Harun Yahya

Analogous organ

Some organs superficially appear to be similar and perform the same function.  For example, their wings allow butterflies and birds to fly; and both cats and beetles use their legs to walk. But these creatures have completely different genetic and anatomical structures. This kind of similarity is only superficial.20

The wings of a flying reptile, a bird, and a bat.  There can be no evolutionary relationship among them, yet these wings all have similar structures.

Darwin stated that creatures with similar (so-called homologous) organs were related to one another by evolution, and that these organs must have been developed in some common ancestor. However, his assertion rests on no proof and was merely a supposition made on the basis of external similarities. From Darwin’s time until now, no solid evidence has been discovered to substantiate these assertions.
In the light of this, evolutionists no longer call these organs homologous—that is, coming from some common ancestor—but analogous, or showing similarity without being related through evolution. (See Morphological homology.)
But many species among which evolutionists have been unable to establish an evolutionary connection do have similar (homologous) organs. The wing is the best known example. Bats, which are mammals, have wings and so do birds. Flies and many varieties of insects have wings, but evolutionists have not been able to establish any evolutionary connection or relationship among these various classes.
According to evolutionary theory, wings came to be by chance in four independent groups: in insects, flying reptiles, birds and bats. When evolutionists try to explain these four instances by the mechanisms of natural selection/mutation and assert a similarity of structure among them, biologists come up against a serious impasse.
Mammals are one of the most concrete examples that draw the evolutionary thesis into a blind alley. Modern biology accepts that all mammals are divided into two basic categories: those with placentas, and marsupials. Evolutionists suppose that this difference came into existence with the first mammals and that each category underwent a different evolutionary history, independently of the other. But it is interesting that in each of these two categories, there are almost two “identical pairs”. Wolves, cats, squirrels, anteaters, moles and mice with their similar features belong both to the category of mammals with placentas and marsupials.21 In other words, according to the theory of evolution, totally independent mutations must have produced these two categories of creatures by chance! Of course, this is impossible.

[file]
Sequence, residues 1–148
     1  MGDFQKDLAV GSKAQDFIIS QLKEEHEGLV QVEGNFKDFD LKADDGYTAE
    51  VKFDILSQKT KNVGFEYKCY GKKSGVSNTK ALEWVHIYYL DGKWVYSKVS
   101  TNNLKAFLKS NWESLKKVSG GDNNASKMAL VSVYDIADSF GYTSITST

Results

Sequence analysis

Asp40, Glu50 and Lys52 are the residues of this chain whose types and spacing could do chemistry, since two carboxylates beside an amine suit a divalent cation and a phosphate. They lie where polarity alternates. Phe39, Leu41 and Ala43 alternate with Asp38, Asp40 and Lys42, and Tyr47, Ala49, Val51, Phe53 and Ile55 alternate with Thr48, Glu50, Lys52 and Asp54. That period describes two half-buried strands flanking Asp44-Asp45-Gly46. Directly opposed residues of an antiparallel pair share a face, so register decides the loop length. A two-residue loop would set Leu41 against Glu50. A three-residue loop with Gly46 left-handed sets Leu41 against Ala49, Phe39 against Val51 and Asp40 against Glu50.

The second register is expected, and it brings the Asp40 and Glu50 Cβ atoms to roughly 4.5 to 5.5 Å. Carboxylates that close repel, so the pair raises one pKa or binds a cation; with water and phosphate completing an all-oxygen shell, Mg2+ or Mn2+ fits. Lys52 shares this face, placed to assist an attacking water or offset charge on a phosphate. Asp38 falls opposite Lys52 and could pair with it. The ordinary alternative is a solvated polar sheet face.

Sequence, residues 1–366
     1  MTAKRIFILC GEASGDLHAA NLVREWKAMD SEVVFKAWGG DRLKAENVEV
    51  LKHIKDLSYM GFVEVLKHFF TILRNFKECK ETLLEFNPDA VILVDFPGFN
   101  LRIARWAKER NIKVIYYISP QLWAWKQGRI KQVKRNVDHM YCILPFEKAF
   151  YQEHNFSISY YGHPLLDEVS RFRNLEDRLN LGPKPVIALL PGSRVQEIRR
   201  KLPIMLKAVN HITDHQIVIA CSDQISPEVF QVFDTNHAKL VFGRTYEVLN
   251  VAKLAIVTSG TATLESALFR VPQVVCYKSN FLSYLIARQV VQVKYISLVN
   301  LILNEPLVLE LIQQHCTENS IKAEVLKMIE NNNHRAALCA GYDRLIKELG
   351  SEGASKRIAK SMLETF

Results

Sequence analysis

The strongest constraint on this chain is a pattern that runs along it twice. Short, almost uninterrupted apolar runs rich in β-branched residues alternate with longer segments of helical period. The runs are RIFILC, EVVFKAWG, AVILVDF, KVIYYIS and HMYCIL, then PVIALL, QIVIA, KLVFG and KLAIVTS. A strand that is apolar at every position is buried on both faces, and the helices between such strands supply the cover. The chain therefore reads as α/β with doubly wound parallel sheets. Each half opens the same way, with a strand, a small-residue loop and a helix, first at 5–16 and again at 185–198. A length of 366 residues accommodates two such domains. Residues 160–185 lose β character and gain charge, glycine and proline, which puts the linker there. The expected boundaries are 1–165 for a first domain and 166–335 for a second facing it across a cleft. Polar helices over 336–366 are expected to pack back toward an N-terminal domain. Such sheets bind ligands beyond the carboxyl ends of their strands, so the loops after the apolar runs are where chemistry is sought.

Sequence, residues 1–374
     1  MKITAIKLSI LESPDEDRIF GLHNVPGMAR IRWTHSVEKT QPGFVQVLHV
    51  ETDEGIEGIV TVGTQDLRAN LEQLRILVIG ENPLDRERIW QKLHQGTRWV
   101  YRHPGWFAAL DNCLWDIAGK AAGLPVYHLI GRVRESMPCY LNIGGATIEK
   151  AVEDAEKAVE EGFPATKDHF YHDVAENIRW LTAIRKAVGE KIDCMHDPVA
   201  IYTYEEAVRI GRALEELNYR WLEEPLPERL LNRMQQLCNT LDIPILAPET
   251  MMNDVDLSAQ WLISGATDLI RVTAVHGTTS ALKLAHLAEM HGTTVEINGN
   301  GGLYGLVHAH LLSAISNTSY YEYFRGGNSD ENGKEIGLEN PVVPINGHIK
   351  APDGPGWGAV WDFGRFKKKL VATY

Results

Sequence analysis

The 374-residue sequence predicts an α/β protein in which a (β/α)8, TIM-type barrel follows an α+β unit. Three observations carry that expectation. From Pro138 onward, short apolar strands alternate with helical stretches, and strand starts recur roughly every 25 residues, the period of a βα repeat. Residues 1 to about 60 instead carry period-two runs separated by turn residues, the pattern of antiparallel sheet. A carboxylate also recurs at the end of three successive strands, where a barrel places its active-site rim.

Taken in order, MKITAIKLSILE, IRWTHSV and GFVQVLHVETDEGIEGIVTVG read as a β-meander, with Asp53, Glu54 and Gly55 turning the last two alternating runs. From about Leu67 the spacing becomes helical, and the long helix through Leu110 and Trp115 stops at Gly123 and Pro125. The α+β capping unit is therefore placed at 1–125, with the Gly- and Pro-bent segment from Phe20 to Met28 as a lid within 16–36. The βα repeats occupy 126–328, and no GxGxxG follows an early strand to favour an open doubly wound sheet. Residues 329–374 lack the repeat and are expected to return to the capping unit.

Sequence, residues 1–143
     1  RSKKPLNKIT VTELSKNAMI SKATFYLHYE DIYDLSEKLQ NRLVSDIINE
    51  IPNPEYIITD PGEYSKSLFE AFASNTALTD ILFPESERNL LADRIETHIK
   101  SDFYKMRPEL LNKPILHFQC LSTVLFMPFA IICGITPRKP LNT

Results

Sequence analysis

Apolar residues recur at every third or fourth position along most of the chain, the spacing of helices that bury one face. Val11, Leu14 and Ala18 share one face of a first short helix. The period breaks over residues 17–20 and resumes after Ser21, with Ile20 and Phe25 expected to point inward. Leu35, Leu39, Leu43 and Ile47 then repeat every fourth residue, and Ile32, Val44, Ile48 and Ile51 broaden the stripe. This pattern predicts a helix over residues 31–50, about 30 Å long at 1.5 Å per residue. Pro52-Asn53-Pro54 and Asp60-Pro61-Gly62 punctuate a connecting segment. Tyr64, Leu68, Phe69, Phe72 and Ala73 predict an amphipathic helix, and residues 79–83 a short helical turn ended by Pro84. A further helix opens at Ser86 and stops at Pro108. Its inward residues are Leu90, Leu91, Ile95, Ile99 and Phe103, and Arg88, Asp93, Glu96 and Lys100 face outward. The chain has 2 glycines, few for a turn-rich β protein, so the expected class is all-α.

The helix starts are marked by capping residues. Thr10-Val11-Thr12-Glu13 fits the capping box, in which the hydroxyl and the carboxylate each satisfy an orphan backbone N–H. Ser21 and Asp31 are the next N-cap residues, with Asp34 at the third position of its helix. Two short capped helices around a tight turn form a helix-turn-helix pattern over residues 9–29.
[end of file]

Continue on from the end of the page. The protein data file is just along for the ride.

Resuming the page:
One of the interesting similarities between placental mammals and marsupials is that between the North American wolf and the Tasmanian wolf. The first is classed as a mammal with a placenta; the second as a marsupial. (It is supposed that contact between marsupials and placental was severed when Australia and its costal islands separated from the continent of Antarctica—and that there were no species of wolves at that time.) 
But structurally, that the skeletons of the North American wolf and the Tasmanian wolf are almost identical. As the above illustration shows, their skulls match almost exactly.
Such similarities, which evolutionist biologists cannot accept as examples of homology, demonstrate that similar organs do not prove the thesis of evolution from a common ancestor.

The Tasmanian Wolf and a Similar Animal from North America

The existence of twin species between pouched and placental mammals is a serious blow to the homological claim. For example, the placental wolf from North America and the pouched Tasmanian wolf above bear an extraordinary resemblance to one another. To the side can be seen the two species’ very similar skulls. Such a close similarity between these two, for which no evolutionary relationship can be claimed, leaves the homological claim totally unfounded.

20  Musa Özet, Osman Arpac─▒, Ali Uslu, Biyoloji 1  (“Biology 1”), Istanbul: Surat Publishing, 1998, p. 129.
21 Dean Kenyon, Davis Percical, Of Pandas and People: The Central Question of Biological Origins, Dallas: Haughton Publishing, 1993, p. 33.

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